Mic Check! Occupy Wall Street Reincarnated as Open Source Software
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Out in the Open: Occupy Wall Street Reincarnated as Open Source Software
BY KLINT FINLEY 04.28.14 | 6:30 AM | PERMALINK
It was 2011, when the globe was dotted with camps inspired by Occupy Wall Street, that iconic protest against economic and social inequality. As part of Occupy Wellington, Knight didn’t just camp out on the street. He participated in the daily “General Assembly” meetings, an effort to reach a consensus on a variety of protest issues and ultimately make everyone’s voice heard.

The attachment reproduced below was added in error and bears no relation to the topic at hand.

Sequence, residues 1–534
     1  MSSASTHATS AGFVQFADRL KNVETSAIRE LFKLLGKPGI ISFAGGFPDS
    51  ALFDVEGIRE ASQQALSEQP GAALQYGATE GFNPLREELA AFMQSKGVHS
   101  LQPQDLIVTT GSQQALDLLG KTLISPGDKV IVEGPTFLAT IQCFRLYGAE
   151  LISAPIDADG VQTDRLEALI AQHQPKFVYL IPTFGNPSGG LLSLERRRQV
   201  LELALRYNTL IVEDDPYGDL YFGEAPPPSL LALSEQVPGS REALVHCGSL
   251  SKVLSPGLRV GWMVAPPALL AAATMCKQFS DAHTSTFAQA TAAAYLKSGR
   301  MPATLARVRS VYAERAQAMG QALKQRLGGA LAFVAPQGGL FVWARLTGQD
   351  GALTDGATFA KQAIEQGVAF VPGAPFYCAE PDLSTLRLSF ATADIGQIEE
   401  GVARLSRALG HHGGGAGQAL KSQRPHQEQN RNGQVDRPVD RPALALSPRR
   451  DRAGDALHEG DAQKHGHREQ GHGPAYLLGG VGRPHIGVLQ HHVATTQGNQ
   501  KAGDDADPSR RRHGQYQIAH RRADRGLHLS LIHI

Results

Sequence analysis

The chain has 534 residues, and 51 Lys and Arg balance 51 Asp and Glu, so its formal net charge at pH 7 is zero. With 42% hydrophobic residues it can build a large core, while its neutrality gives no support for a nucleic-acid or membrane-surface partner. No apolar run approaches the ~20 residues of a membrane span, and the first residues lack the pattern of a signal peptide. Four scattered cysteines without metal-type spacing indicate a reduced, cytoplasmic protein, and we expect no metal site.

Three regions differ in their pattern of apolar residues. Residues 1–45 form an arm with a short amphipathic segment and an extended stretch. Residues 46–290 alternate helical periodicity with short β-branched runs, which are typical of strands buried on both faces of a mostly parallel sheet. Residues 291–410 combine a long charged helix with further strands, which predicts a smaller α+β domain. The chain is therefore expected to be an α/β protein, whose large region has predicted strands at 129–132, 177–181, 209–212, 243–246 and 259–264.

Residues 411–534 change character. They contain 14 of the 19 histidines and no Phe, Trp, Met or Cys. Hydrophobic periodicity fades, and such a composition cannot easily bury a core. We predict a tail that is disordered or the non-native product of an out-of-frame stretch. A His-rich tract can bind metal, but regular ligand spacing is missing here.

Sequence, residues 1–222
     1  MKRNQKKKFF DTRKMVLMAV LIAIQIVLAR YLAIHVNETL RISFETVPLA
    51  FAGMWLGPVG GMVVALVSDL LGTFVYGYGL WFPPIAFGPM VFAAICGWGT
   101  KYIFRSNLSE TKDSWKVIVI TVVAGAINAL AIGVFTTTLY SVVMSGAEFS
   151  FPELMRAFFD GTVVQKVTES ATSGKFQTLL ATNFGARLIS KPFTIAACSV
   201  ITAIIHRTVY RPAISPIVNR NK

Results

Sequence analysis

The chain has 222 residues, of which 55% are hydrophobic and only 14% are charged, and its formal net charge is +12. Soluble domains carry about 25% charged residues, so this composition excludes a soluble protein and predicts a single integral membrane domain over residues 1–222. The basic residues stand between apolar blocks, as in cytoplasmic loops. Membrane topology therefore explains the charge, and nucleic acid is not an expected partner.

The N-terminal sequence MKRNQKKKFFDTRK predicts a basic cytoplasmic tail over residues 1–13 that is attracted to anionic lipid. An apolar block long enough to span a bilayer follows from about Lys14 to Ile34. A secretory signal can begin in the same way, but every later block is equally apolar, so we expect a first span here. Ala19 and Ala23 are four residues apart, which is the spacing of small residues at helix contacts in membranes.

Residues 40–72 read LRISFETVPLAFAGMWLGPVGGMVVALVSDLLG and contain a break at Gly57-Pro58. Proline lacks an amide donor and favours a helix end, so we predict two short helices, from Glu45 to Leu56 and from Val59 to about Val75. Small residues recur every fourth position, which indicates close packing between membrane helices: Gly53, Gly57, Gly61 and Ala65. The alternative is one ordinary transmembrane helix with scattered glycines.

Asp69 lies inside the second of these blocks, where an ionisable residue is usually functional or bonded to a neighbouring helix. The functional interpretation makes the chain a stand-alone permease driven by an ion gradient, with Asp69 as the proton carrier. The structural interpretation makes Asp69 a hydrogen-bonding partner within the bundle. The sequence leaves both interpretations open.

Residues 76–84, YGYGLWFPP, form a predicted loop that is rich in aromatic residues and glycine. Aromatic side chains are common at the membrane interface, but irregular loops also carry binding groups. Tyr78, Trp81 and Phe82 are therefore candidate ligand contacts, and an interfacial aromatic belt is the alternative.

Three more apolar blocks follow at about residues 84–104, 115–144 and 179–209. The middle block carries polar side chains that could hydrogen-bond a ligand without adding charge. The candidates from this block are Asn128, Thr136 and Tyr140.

He loved the process — when it worked. Some discussions took hours or days without ever reaching a consensus. Worse, the ultimate decisions were sometimes made without input from the whole group. “Everyone has to be together at one time and in one physical place,” he says. “A few voices could dominate the conversation, or a small group become dominate by waiting everyone else out.”
With the right web software, he thought, it should be possible to give everyone in the group a voice.
He knew there had to be a better way. With the right web software, he thought, it should be possible to give everyone in the group a voice — regardless of whether they were able to attend every single physical General Assembly or not. So he and a few other activists approached a New Zealand tech startup incubator called Enspiral. “We basically turned up and asked them: ‘Hey, you’re a bunch of web developers. Can you make us a tool for making non-heirarchical decisions?’” Knight remembers. “And they said: ‘Sure, we actually need something like this for ourselves.’”